In an effort to help couples facing infertility problems achieve pregnancy, the co-founder of PayPal has developed an iPhone app to monitor fertility and track baby-making data. Max Levchin realized the need for more natural remedies to fertility issues when he and his wife struggled to conceive. His new iPhone app, Glow, just hit the Apple store, and it combines data and science to (if possible) help couples kick infertility through natural means, such as learning cervical mucus patterns and tracking a woman’s cycle to obtain the best information about when her fertile days occur. If that doesn’t work, the data analysis side of the app can direct couples to the most appropriate alternative solutions or medical intervention.
Levchin’s app seems to be a step in the right direction, for several reasons. First of all, many couples who have used Natural Family Planning (NFP) have done so to achieve pregnancy, and been successful. However, today’s NFP is often confused with the unsuccessful and scientifically unsound methods of pregnancy prevention of yesteryear, like the rhythm method. This couldn’t be farther from the truth. Couples who use scientifically based natural means of pregnancy prevention and achievement have high success rates in accomplishing their objectives.
Levchin’s app may help to solidify the fact that NFP is a legitimate and excellent alternative to many unnecessary hormonal and surgical interventions used for both pregnancy prevention and achievement. “He wants to radically change the way American doctors and patients talk about infertility,” a recent article from Quartz on the subject said. And in the face of alternative treatments and ethical problems associated with mainstream infertility treatment, this radical change may be just what the doctor ordered.
Levchin and Huang [his co-founder] hope the free app, which has the same kinds of game-like features and simple design that make fitness junkies so app-happy, will make natural conception both easier and more fun. It gives its users daily prompts to enter data on everything from temperature to the sexual positions they’ve used. And it comes in his-and-hers versions, a choice intended to keep women from feeling that they’re alone in their efforts to conceive.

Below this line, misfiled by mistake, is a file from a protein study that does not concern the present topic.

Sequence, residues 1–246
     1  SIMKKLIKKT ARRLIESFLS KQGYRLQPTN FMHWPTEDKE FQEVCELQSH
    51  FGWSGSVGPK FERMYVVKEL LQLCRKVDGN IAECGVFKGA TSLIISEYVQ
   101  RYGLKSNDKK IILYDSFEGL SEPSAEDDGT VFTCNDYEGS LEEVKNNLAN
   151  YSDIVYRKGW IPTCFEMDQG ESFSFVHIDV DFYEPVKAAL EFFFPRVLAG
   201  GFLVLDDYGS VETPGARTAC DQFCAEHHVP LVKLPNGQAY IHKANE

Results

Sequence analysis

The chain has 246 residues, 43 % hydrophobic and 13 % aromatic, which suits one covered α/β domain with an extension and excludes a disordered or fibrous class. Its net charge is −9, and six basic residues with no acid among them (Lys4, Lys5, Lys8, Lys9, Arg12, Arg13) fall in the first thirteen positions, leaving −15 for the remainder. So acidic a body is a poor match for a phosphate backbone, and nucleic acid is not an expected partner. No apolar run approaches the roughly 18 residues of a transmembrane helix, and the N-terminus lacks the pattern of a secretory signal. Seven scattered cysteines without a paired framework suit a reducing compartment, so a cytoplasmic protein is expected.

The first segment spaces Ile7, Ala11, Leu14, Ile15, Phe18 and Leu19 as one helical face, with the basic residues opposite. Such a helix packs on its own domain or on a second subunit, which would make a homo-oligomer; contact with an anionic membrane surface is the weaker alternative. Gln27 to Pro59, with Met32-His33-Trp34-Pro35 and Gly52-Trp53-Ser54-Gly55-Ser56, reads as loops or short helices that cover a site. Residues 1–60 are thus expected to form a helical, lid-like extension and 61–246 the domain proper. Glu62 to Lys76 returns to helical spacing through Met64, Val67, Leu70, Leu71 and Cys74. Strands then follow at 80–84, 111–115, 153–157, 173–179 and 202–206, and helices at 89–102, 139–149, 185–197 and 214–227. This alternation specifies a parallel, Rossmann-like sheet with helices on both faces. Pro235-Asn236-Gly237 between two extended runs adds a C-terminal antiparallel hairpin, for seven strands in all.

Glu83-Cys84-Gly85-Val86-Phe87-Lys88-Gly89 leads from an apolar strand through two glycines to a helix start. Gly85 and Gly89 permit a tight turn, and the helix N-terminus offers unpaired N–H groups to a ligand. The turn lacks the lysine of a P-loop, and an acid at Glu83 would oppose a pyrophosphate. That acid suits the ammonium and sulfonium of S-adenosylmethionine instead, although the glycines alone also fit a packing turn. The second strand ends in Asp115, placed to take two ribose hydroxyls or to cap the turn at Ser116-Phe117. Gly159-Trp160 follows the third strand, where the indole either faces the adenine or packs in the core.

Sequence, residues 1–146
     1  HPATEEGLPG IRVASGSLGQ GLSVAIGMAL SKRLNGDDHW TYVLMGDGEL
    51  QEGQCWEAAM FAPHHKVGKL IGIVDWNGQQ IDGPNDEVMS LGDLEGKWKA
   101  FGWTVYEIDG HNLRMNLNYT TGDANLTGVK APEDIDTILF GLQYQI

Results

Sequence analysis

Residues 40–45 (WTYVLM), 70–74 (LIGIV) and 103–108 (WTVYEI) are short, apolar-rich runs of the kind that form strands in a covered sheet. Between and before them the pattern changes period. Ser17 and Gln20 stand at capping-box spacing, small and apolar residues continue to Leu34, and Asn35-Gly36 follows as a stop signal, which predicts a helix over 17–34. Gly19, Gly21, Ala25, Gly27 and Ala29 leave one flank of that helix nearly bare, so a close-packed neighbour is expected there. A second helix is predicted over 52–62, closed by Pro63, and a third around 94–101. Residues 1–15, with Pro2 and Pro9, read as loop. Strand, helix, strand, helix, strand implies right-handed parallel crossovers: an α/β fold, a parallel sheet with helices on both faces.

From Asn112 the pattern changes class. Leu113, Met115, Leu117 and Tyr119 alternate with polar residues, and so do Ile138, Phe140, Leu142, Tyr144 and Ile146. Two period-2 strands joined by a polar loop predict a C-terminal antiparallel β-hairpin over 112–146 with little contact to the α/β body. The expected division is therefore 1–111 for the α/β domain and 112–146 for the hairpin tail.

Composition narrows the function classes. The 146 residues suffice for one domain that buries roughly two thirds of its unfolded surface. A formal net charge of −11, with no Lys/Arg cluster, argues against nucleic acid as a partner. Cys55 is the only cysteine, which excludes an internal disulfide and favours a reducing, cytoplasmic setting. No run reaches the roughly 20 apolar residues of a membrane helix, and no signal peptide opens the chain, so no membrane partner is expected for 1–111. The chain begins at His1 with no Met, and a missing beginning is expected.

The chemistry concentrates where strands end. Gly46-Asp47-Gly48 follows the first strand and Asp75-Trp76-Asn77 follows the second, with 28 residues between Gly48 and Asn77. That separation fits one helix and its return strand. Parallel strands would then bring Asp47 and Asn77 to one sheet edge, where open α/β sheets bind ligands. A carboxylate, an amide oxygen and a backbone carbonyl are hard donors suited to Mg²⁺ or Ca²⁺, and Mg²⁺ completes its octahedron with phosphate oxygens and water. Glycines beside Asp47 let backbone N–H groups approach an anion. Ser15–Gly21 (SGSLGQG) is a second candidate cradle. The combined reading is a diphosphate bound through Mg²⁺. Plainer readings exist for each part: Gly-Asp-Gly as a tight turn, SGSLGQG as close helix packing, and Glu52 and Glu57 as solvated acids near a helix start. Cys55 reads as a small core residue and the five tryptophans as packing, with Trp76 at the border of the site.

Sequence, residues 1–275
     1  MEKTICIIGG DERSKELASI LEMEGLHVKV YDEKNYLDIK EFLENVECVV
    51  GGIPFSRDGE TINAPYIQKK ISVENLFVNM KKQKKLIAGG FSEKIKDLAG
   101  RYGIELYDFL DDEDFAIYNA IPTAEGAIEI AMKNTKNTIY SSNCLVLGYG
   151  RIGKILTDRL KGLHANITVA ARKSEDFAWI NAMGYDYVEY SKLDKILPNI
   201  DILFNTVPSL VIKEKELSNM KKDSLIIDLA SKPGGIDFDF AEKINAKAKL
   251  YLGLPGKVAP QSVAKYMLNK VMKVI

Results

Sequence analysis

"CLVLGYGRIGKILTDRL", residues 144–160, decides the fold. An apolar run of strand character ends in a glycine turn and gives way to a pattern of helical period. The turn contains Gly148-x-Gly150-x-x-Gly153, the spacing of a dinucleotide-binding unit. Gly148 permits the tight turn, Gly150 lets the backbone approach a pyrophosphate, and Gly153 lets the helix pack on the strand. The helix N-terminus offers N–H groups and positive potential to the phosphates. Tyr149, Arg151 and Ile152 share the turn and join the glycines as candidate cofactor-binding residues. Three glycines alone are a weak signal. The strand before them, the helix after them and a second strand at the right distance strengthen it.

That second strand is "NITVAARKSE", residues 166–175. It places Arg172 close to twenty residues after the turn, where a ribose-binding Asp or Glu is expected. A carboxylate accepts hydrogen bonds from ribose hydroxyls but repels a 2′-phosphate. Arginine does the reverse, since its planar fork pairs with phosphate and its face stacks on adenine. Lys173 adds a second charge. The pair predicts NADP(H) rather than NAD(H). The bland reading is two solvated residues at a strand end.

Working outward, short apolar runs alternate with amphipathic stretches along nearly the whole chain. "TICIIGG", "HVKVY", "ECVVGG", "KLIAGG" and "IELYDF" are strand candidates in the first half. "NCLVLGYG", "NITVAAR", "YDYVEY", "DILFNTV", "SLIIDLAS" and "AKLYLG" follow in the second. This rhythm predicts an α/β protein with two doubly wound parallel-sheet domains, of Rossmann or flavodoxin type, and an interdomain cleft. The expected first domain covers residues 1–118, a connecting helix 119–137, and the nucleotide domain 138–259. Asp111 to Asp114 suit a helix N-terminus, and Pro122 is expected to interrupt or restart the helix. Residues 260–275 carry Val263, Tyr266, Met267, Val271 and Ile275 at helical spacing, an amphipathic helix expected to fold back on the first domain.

Another reason why Levchin’s focus on natural baby-making could be great for the world at large is that conventional infertility treatments at a doctor’s office are riddled with moral conundrums, including the discarding of innumerable human beings who are created as a commodity to be used or discarded according to their supposed utility. In vitro fertilization (IVF), for example, is a treatment which regularly employs the creation of multiple embryos in a petri dish who are never intended for implantation in the safety of their mother’s womb. Instead, a doctor extracts many eggs from a woman’s ovaries, fertilizes them with her partner’s (or some other male’s) sperm, and then sorts through them with a microscope to determine which of the humans in his dish have the best chance of survival upon implantation. There could be one or maybe even five or six embryos who are deemed viable “enough” to have a shot at continuing life. These are implanted, while their siblings are simply thrown away.
The second ethical dilemma arises after these unwanted embryos are discarded: the ones who were given a shot to continue life may be more successful than the infertile woman had hoped. She may find herself pregnant with twins, triplets, or more. Some women (think Kate Gosselin and OctoMom) have successfully carried six or eight healthy babies to term, but not all women are open to a future of chasing after multiples. To achieve their goal of having one or two healthy babies, a procedure called “selective reduction” may be employed, in which all of the viable embryos except for the one(s) the mother wants to keep are aborted. This may be done by injecting their beating hearts with a solution which stops them in utero. The woman carries her remaining child(ren) to term, and when she gives birth, she also delivers her other long-dead babies in the process.
These practices have become commonplace in infertility medicine. Levchin’s app is an opportunity to change the tide of unethical baby-related decisions.